Resident scholar at the Mountain Institute in West Virginia and research associate at the Field Museum of Natural History, Chicago, Reinhard spends most of his time in the field. He has calculated that in one period of 17 years, he did not stay in one place for more than three months. Although his field research is supported in part by grants, he has never had a grant that gave him a salary. He received the Rolex Award in 1987 - a gift of $35,000 given every three years to five outstanding people - and was able to live on this for three years. "I’m in anthropology because I enjoy ‘doing anthropology’, being in the field learning," he states. In January 1997, Reinhard began a six month stint as the National Geographic Society’s Explorer in Residence, a job that will allow him to continue his research. Reinhard’s research is risky, requiring mountaineering skills, physical stamina and knowledge of weather changes. He has nearly lost his life on numerous occasions. Not surprisingly, there are few high-altitude archaeologists despite the many sites to explore.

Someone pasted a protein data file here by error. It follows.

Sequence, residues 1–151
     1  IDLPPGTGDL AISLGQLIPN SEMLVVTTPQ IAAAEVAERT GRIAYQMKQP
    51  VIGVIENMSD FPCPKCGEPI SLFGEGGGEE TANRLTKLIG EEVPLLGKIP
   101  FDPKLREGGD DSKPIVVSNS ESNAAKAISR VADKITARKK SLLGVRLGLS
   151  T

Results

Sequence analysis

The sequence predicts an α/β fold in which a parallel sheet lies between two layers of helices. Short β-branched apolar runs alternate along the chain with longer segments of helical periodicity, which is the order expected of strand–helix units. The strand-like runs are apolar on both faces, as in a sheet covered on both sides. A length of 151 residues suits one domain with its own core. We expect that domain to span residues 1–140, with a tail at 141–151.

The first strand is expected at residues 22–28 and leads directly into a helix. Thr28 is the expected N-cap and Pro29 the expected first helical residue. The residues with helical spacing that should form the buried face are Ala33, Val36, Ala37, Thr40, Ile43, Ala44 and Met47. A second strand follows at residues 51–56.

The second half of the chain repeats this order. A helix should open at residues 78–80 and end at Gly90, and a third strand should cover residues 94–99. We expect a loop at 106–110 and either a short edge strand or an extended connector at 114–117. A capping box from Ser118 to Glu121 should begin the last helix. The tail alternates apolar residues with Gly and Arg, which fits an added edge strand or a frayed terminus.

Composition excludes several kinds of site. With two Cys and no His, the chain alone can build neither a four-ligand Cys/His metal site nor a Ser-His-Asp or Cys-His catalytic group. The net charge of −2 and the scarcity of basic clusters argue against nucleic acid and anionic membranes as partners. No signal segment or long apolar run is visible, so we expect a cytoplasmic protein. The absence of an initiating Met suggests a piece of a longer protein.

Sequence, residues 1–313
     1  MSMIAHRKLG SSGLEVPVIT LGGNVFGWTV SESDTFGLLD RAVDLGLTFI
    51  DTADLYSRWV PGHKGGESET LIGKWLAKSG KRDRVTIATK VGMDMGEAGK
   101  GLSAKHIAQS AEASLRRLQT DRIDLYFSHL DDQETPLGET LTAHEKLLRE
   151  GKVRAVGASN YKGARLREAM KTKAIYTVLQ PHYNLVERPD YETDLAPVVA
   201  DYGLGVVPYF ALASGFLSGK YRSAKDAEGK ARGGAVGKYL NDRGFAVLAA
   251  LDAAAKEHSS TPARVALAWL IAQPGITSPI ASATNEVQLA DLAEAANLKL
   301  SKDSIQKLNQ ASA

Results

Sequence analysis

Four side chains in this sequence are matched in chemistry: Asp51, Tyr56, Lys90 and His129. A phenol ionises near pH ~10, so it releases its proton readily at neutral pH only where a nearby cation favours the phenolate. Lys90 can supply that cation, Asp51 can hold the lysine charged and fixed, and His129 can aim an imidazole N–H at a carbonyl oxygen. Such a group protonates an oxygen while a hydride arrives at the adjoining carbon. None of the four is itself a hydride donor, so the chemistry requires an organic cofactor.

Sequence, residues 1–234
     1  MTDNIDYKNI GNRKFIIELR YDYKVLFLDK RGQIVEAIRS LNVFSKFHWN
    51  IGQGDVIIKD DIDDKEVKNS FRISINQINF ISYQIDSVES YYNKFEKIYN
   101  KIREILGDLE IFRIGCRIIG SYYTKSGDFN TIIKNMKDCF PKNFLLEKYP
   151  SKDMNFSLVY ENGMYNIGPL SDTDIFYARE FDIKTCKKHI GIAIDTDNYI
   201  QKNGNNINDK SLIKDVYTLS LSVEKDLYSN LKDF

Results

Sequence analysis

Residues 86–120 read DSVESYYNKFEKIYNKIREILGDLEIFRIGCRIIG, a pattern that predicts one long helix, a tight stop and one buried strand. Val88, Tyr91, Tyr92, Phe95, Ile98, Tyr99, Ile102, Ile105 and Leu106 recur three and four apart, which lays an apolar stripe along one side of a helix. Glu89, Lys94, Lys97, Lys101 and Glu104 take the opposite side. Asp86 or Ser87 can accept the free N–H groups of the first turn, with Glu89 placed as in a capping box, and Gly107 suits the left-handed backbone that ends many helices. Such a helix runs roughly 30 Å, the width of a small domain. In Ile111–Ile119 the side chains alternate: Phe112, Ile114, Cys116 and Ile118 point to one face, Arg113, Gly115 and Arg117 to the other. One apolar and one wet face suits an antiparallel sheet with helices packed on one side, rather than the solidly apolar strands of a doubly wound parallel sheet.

Finding Juanita: Although he has recovered many mummies throughout his career, Juanita has been Reinhard’s most outstanding discovery. The site was exposed after a nearby volcanic eruption caused the snowcap on Mount Ampato to melt. The ceremonial platform had collapsed, and Juanita and ceremonial offerings has fallen into the mountain’s crater. Reinhard and Zarate spotted the colored feathers of Juanita’s ceremonial statues on the summit ridge and climbed into the crater to retrieve her. The descent and return to Arequipa was arduous, with Reinhard and Zarate racing to get Juanita into a freezer at Catholic U in Arequipa before she thawed. Although her face was dried due to sun exposure, Juanita was almost perfectly frozen, as her ancestors intended her to remain.